Madrimov vs. Walker: Inviting Tragedy
By Caryn A. Tate on August 18, 2020
Fighters are hard-pressed to admit that they’re hurt. (photo: Ed Mulholland/Matchroom)
Even when proper precautions are taken, sometimes there can still be a negative outcome. But what about when there are clear warning signs that go unheeded, such as in Walker’s case? It’s inviting a tragic outcome… READ MORE
Herring retains title via DQ over Oquendo
By Robert Ecksel on September 5, 2020
The champ intended to box, while the challenger came to brawl. (Mikey Williams/Top Rank)
“I wasn’t too satisfied with my performance, to be honest with you,” said Herring after the fight. “I didn’t want it to end like that. I’m disappointed with the outcome. But my team felt it was too much. So we just had to stop it or whatever…” READ MORE
It's Showtime: Benavidez vs. Davis
By Robert Ecksel on November 13, 2021
Benavidez is younger, taller, and has a longer reach than Davis. He also hits much harder.
In a WBC eliminator televised live on Showtime from the Footprint Arena in Phoenix, Arizona, former two-time WBC super middleweight champion David Benavidez (24-0, 21 KOs) revisits his birthplace to get it on with late replacement Kyrone Davis (16-2-1, 6 KOs), the evening's underdog from Wilmington, Delaware.
If, or perhaps when, Benavidez stops Davis, another attempt to set up a long overdue bout with Canelo Alvarez will commence.
“I feel like I have the best shot because I have the most power in the division besides Canelo,” Benavidez told ESPN. “I have longer arms, as much as speed -- probably even faster -- and as much power, too. I'm just hungry for this opportunity.”
Benavidez was originally scheduled to fight Bolivian boxer Jose Uzcategui. But Uzcategui failed a pre-fight drug test, opening the door for Davis. Despite going 3-1-1 in his last five fights, Davis is not unskilled and drew with Anthony Dirrell in February.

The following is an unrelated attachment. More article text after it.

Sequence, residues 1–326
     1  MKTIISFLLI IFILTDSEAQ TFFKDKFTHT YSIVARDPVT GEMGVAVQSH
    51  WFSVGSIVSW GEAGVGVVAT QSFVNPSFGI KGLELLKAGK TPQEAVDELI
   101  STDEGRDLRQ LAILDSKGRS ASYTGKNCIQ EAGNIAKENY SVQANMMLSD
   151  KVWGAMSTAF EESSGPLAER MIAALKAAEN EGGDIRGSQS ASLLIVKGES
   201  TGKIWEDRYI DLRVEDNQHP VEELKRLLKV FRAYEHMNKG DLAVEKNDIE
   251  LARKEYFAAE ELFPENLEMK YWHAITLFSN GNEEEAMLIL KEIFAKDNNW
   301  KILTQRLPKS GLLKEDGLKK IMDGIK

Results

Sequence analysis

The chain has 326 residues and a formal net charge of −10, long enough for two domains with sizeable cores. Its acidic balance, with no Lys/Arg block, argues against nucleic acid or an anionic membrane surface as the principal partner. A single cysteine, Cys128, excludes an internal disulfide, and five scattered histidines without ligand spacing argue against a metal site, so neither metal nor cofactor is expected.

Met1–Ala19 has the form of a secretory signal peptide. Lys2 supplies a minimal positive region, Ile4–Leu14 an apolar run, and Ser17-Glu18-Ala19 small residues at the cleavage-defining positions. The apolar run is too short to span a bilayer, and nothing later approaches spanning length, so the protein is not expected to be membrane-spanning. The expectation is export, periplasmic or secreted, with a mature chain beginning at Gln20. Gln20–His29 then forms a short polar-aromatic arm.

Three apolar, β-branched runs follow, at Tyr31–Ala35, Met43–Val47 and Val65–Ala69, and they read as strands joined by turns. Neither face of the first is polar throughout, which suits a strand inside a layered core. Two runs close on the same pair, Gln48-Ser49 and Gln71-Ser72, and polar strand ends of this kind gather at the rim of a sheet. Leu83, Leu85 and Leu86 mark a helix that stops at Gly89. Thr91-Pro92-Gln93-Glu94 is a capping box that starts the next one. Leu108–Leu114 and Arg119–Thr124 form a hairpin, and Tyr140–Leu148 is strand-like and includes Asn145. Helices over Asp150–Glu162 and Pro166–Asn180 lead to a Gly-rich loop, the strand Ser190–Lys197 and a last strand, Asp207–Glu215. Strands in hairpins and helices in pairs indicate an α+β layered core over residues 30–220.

The fight with Benavidez will likely be another story. He is younger, taller, and has a longer reach than Davis. He also hits much harder.
In the co-main event, David's older brother, welterweight "Merciless" Jose Benavidez Jr. (27-0, 18 KOs), also hailing from Phoenix, returns to action for the first time since losing to Terence Crawford by 12th round TKO in Omaha in 2018. Jose was an amateur sensation and big things were expected when he turned pro in 2010. He has lots of talent, he can box as well as punch, and a few substantial wins to his credit. But he's 29 years old and time is running out to make a move.
His opponent is Argentinean Emanuel Torres (17-3, 5 KOs). There’s no pressure on 32-year-old Torres, who, unlike Jose Jr., has nothing to prove. A solid win by Benavidez may yank to attention back to the sport where it belongs, assuming there's still enough desire left in the tank.
“There is no doubt in my mind that I’m going to break this guy’s ribs or his jaw,” said Jose to PBC. “I want to show everybody that I’m back.”